The modern campaign to secure the right to vote for women began in the mid-19th century.
This aim was partially achieved with the Representation of the People Act 1918, which allowed some women over the age of 30 to vote in national elections.
The Parliament (Qualification of Women) Act followed later the same year and allowed women to stand as Members of Parliament.
It was not until the Equal Franchise Act was passed in 1928 that women won the same voting rights as men.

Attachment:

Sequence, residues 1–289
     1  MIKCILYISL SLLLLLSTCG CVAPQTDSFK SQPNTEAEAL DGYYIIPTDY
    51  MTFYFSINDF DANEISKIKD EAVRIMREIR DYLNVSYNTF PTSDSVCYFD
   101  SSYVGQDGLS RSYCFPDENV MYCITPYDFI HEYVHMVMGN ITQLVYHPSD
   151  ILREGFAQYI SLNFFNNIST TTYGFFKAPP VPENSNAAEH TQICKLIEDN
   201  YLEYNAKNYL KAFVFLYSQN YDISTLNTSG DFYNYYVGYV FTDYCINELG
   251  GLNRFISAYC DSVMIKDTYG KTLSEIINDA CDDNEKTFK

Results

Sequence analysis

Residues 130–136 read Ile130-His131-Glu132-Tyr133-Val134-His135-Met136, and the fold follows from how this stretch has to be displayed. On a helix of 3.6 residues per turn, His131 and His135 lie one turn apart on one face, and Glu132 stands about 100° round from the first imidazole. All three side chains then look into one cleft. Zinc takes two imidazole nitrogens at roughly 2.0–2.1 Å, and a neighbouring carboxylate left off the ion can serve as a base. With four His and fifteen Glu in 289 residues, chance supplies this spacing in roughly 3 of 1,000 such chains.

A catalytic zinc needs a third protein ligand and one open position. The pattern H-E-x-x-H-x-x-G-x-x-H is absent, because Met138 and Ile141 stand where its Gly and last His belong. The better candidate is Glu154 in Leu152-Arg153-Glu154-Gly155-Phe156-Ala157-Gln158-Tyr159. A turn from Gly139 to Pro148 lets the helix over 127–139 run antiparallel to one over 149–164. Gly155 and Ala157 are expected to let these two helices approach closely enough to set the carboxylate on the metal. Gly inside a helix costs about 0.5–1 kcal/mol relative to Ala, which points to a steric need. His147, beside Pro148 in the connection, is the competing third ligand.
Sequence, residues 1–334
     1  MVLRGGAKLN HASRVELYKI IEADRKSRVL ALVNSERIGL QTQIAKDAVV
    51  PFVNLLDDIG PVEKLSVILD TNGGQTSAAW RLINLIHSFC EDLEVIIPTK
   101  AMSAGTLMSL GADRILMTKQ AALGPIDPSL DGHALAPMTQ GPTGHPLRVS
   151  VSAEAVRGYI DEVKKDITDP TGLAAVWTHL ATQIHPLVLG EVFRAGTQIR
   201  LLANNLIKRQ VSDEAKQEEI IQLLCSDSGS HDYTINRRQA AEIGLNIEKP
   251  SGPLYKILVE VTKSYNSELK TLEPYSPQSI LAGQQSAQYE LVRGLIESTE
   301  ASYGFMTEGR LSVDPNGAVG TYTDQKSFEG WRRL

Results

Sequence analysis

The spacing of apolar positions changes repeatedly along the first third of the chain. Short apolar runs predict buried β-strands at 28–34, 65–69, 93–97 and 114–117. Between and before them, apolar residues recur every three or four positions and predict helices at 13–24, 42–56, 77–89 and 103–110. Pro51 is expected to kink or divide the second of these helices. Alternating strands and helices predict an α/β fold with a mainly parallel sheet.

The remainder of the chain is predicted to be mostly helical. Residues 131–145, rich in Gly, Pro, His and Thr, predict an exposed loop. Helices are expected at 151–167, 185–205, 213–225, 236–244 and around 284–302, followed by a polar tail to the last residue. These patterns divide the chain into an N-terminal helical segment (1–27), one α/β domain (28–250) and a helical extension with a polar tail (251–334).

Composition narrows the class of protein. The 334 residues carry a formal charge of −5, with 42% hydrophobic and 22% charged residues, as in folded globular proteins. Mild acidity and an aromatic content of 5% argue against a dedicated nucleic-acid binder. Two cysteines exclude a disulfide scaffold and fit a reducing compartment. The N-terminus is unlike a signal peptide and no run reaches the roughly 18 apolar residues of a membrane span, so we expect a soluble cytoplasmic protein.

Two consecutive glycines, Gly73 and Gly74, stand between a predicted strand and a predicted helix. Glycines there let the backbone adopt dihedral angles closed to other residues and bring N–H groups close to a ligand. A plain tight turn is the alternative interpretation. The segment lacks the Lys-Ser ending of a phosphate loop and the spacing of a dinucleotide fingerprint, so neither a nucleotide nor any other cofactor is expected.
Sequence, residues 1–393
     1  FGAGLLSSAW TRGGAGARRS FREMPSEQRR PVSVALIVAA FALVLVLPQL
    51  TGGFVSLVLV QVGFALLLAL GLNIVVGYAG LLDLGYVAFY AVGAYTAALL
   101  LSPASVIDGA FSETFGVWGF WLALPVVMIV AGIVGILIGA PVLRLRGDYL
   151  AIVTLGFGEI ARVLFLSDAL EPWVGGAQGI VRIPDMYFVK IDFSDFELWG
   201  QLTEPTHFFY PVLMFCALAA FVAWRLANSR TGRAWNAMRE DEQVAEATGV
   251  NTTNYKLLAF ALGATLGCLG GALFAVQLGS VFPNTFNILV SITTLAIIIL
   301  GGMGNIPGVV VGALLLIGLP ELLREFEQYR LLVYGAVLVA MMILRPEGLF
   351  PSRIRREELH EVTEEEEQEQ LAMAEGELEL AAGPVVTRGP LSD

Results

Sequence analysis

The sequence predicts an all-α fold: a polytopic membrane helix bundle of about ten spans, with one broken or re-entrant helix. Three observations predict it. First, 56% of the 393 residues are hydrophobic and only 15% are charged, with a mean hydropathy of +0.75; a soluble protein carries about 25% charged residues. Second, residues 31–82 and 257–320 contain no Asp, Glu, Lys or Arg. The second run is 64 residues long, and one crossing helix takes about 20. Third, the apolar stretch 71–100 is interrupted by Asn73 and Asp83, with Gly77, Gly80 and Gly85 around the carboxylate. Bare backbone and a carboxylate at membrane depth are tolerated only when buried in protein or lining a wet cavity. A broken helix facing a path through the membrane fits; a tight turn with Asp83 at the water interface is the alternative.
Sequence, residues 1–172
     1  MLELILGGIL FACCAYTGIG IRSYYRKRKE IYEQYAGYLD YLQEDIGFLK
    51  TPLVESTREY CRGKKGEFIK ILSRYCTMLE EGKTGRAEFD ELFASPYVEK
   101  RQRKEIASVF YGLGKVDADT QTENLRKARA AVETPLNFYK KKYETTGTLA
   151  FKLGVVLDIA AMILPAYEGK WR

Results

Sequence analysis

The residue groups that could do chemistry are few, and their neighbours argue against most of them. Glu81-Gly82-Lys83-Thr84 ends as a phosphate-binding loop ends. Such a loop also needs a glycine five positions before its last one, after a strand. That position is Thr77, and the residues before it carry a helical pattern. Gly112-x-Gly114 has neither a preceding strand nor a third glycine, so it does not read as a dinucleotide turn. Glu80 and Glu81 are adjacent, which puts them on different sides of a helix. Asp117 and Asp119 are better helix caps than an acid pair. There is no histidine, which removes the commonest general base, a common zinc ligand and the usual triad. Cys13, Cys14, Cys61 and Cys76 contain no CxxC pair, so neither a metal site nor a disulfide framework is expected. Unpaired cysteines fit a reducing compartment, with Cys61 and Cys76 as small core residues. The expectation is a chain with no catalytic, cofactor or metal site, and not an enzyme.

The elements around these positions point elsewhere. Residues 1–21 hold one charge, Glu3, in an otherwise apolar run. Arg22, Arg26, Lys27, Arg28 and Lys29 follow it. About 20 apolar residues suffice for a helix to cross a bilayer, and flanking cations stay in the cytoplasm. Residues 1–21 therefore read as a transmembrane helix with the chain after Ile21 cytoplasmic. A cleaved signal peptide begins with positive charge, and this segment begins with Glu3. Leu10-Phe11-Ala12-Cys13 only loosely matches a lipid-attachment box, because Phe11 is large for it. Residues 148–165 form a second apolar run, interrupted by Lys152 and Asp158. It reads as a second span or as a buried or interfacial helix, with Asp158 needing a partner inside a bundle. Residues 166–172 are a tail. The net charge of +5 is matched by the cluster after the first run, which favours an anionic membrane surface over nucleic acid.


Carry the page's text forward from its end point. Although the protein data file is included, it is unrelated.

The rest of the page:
Those campaigning peacefully for women's suffrage were called suffragists. From the early 20th century some women who pursued militant methods of campaigning were known by the initially derogatory term 'suffragettes', a description first used by the Daily Mail in 1906.
However, the term was adopted by women themselves and became widely used.
Right to vote
Women felt they should have the right to vote for many reasons, particularly because they had to pay taxes and abide by the law, just as men did. They believed they had an equal right to influence Parliament and government by voting.